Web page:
Hiking Blog: Preparing the perfect trail foods
Ryan breaks down how to prepare and enjoy your trail food, including a step by step trail mix recipe.
I recently hiked Mt. Leconte, which I will write about in an upcoming post. I and several others stayed in a cabin owned by a very generous hiker and member of our group. Lifting the blankets off my face and watching the sun break over the horizon, giving the orange glow to the ice crystals that covered the trees and hills made it easier to wake up with four hours of sleep. The air was cold and the fireplace no longer cracked and flickered. I heard one of the group go to the kitchen, open the fridge, then a cupboard, then the clicking of the stove, the ignition and the sizzling of bacon. The smell came over me, and I shoved the blankets off and headed toward the scent.
Food, good Lord, food.
I don’t know about you, but it’s one of my favorite things and also one of my chief worries when going for a hike. Grabbing a few granola bars and a banana usually won’t do the job. But this all depends on a few factors. What time of day are you going? Are you in shape? How much food are you familiar with eating?
When planning a hiking trip, one crucial aspect to consider is the sustenance that will fuel your adventure. Whether you’re an avid food lover or simply want to ensure you have enough energy to conquer those challenging trails, finding the right balance of nourishment is essential. Fortunately, with the help of Bookonboard, you can discover a plethora of resources and recommendations to make your hiking trip even more enjoyable. From expert advice on packing nutritious snacks and meals to exploring convenient meal delivery options, they provide valuable insights that cater to your specific dietary needs and preferences. So, before embarking on your next hiking expedition, be sure to check out the Bookonboard site, ensuring that every step of your journey is fueled by delicious and satisfying sustenance.
So, what do you eat? Well for breakfast, cereal isn’t going to cut it. Fill up on fats, sugars and proteins. That means eggs, meats, some toast with peanut butter or preserves and fruit. While the majority of the items will give you stored energy, the preserves and fruit will get you up and ready to go along with that stored energy. If fresh fruit is a challenge, get the frozen stuff, or even dried fruits. No matter how it’s stored, get some. It does wonders.
But even more important is hydration. Never forget the liquids: water, orange juice and most importantly coffee. If you’re not a coffee person, I’m sorry, but lucky for you hiking is still possible without it.
Be sure to load up on water the day before. This should be obvious by now. If you aren’t mad at the amount of times you’ve had to take a piss, you need more water.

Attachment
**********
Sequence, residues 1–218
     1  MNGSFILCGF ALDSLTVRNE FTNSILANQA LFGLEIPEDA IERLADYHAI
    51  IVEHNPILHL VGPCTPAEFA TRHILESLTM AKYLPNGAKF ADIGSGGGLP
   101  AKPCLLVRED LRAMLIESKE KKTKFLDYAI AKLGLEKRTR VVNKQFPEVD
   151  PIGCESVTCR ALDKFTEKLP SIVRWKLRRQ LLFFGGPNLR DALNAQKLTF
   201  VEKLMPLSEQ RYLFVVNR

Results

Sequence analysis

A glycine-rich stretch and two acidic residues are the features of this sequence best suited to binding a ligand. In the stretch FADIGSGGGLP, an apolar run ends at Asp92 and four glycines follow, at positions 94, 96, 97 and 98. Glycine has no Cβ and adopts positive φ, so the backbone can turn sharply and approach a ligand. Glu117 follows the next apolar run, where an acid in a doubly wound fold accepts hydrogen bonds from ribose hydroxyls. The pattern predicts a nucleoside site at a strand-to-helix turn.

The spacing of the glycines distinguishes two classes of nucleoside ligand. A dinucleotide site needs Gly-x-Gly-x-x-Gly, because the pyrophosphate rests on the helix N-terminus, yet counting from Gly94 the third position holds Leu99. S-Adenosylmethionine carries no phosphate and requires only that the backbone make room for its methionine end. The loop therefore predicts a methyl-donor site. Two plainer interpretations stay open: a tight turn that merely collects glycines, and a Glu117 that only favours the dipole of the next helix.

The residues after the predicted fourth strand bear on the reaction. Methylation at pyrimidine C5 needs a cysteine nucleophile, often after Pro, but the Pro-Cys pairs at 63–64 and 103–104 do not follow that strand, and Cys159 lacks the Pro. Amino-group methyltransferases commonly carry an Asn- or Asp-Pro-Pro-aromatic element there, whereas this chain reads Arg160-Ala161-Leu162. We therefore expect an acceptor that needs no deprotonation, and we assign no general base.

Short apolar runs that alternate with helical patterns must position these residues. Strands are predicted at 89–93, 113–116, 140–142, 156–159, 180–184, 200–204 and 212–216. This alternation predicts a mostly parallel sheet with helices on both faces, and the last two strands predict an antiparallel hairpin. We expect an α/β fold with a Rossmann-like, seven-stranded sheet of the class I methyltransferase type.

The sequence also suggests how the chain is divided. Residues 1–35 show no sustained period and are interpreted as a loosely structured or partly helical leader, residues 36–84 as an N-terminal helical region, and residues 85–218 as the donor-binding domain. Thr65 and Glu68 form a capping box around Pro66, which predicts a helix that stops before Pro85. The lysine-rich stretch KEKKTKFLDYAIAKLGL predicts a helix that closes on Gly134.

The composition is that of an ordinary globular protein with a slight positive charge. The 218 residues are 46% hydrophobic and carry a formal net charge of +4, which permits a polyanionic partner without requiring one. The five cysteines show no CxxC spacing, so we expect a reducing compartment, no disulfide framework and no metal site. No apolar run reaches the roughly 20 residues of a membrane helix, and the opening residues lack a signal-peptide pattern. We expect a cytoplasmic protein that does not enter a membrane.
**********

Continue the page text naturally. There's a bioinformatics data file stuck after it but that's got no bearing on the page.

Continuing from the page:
But, what about the on trail food, you ask? Well, lets rewind to the previous day or night. Always get your meals prepared in the days leading up to the hike.
Alright, so lets do a few types of meal preps. We’ll go over calories, types of foods and what they do for your body, hydration and making a perfect snack for hiking.
How many calories does a person need when going for a hike? If you’re not sure use a Calorie Counter. (http://www.healthstatus.com/calculate/cbc). The average speed per mile is around three miles per hour. Which means, on a hike like Mt. Leconte, it’s going to take around four and a half hours. But, there was ice on our trip making it last around seven hours. So bring more food than you think is necessary.
With the advanced mathematics out of the way, lets finally talk about meals.
On the Leconte hike, I took several types of foods:
4 Slices of bread
2 To-go peanut butter cups
6 Granola Bars
A sandwich bag of homemade trail mix
A 32 oz. Nalgene and two extra bottles of water
One Snickers bar
All of it was gone by the end of the hike.
So let me show you how to make a trail mix that keeps you full, energized and happy!
This is what I started with. Switching and changing amounts and ingredients is perfectly acceptable and expected. Choose only the things you like to eat. Never try something new on a hike unless it is necessary.
1.) Grab yourself a Ziplock.
2.) Cup and a half of granola. I picked KIND, Gluten Free granola but any granola will do.
3.) One cup dried fruit. Any dried fruit is acceptable. I chose raisins and craisins. But, fruit chips and thawed, frozen fruits all work just fine.
4.) Nuts! I chose pecans, halved almonds, sunflower seeds and pistachios. A half cup of each.
5.) To fill the bag, just double the amounts. But, remember, you have to carry everything, and although a few ounces isn’t a lot in a normal day, it all counts on a hike.
Remember, choose a good amount of food, things you enjoy eating, and hydrate! The next post will be on Abrams Falls, a short, easy hike that is rewarding throughout.
Edited by Maggie Jones